Our assessment is that the current Serbian counter-offensive against the UCK around Mount Pastrik, offers NATO the best opportunity so far in the air campaign to hit Serb forces hard. To counter UCK advances, Serbia has had to mobilise and concentrate in this area. Because these forces have had to come out of their camouflage positions they have become more visible to our airborne forward air controllers. Once the forward air controllers spot a target, for example a tank or an APC, they call up NATO strike aircraft circling in the area, and guide them into their attack.

Yesterday, we conducted nearly 150 sorties only around Mount Pastrik. Let me elaborate more on tactical targets in the vicinity of Mount Pastrik. We struck 32 artillery pieces, 9 armoured personnel carriers, 6 armoured vehicles, 4 other military vehicles, 8 mortar positions, revetted positions, and one SA6 surface to air missile site. Initial indications are that we have had a significant impact on the Serbian forces operating in this area. A fuller battle damage assessment of course will have to wait a few more days.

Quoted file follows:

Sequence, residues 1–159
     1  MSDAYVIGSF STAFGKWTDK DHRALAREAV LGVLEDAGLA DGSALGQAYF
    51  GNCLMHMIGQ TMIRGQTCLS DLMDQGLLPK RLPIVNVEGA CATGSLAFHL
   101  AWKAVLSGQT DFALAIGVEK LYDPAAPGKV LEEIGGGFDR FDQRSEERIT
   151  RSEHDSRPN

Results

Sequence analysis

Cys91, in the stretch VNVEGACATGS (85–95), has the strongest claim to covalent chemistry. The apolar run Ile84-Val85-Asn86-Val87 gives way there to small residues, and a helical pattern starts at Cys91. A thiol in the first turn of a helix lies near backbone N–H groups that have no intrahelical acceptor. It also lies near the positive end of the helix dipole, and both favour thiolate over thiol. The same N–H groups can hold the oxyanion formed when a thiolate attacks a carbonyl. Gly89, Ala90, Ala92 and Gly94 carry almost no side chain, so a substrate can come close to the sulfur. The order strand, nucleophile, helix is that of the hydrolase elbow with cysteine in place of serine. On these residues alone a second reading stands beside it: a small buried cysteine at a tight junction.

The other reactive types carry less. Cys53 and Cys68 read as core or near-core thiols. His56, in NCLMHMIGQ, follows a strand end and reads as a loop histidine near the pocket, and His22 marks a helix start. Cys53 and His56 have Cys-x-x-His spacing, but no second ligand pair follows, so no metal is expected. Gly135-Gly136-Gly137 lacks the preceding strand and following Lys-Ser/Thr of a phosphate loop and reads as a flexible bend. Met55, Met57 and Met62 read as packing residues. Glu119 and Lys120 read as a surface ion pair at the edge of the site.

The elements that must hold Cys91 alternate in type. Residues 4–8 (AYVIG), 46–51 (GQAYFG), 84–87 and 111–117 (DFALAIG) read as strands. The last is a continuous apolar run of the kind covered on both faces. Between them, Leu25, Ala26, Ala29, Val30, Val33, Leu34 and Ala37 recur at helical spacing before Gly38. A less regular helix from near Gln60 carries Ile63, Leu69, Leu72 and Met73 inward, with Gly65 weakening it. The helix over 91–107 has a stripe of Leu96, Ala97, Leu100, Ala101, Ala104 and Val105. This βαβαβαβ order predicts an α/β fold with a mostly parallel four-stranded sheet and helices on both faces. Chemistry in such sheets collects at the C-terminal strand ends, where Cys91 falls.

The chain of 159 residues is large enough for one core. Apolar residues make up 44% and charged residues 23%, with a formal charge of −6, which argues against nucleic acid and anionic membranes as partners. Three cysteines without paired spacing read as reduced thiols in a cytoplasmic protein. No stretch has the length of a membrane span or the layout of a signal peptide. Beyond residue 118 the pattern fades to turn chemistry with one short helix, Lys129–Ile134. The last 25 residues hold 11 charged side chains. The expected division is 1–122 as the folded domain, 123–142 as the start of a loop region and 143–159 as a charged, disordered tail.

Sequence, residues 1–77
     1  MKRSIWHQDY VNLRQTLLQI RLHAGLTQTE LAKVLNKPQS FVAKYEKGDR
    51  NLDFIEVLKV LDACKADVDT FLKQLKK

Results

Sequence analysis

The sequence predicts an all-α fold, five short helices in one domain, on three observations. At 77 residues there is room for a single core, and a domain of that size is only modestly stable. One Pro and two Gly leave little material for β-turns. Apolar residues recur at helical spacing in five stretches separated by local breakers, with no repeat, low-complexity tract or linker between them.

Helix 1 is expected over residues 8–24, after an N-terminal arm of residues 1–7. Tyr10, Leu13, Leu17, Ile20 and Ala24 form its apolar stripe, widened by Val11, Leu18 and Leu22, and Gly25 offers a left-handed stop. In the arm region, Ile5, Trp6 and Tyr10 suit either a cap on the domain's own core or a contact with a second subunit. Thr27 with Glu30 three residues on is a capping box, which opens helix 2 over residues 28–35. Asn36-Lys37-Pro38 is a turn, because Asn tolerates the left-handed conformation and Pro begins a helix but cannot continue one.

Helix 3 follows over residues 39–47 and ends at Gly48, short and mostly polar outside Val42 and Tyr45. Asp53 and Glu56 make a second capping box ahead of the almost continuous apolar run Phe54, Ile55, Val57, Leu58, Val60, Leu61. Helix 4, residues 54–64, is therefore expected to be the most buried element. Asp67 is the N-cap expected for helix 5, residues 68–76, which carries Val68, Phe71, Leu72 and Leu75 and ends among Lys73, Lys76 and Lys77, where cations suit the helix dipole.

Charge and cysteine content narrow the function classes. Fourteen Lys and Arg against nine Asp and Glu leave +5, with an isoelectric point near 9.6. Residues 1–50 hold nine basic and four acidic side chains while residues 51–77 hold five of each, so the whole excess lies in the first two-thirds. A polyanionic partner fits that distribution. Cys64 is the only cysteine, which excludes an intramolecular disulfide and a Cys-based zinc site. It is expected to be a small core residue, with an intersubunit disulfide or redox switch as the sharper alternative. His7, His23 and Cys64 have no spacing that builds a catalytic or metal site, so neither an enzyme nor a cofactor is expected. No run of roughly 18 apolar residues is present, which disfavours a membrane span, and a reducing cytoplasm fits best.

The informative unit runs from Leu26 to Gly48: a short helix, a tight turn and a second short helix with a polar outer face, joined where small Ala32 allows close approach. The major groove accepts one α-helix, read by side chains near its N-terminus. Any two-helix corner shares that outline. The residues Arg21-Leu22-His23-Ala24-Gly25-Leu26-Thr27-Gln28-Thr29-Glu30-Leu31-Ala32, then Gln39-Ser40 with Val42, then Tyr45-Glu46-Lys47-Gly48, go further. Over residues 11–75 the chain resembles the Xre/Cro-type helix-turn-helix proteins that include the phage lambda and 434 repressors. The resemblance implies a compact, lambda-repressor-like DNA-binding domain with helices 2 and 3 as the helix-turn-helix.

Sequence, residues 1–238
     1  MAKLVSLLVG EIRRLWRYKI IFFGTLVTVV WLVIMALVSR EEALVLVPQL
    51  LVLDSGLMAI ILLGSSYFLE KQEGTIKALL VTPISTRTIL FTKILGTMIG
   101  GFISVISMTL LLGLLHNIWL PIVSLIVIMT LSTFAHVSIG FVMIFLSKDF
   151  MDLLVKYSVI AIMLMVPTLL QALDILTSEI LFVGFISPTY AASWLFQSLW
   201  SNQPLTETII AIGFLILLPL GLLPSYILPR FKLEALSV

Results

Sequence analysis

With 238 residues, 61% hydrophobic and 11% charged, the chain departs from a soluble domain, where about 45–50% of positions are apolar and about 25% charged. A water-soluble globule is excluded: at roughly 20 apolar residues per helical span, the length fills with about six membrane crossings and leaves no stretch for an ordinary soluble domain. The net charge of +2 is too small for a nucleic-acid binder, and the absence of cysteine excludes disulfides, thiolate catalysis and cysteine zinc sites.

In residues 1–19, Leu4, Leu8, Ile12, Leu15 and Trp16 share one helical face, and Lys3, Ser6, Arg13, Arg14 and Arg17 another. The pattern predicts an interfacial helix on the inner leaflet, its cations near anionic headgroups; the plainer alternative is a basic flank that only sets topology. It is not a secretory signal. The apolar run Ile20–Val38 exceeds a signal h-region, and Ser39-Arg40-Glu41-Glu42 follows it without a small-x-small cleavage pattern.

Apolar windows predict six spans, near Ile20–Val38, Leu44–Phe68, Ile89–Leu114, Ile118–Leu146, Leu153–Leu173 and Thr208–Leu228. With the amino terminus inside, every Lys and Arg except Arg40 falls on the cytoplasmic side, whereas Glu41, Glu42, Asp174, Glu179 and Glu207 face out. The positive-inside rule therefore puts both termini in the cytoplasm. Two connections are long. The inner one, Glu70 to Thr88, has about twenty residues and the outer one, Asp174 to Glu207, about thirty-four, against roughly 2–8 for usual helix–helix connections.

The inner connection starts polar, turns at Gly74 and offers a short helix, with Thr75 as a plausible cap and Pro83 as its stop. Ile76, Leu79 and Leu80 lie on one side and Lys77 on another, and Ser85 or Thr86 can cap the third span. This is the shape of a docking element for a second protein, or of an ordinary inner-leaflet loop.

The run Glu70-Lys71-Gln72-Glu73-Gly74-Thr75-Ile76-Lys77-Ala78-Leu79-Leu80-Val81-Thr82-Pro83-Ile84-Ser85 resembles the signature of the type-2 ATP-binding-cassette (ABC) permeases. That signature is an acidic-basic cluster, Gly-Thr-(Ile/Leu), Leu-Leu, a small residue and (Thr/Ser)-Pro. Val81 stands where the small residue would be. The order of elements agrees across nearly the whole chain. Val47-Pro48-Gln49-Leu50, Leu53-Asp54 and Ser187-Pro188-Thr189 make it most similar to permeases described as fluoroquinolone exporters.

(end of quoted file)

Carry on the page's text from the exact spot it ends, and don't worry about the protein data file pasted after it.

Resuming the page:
What I have said so far is a testimony to the flexibility of this air operation that we have been able to concentrate our air power so quickly in response to actions on the ground. But bear in mind, the tactical part of NATO's air campaign is very different from the strategic operations that make up the other elements of an air war. Tactical air employment consists of static and dynamic elements. Let me elaborate a little bit on the dynamic elements I just mentioned. The time between a forward air controller spotting a target and the air strike against that target can be, and should be, in a matter of minutes only. Timing of course depends on whatever and whether we have to pull the aircraft off a tanker, or whether there is already one available in a holding pattern over Kosovo. Just think of . over Grand Canyon.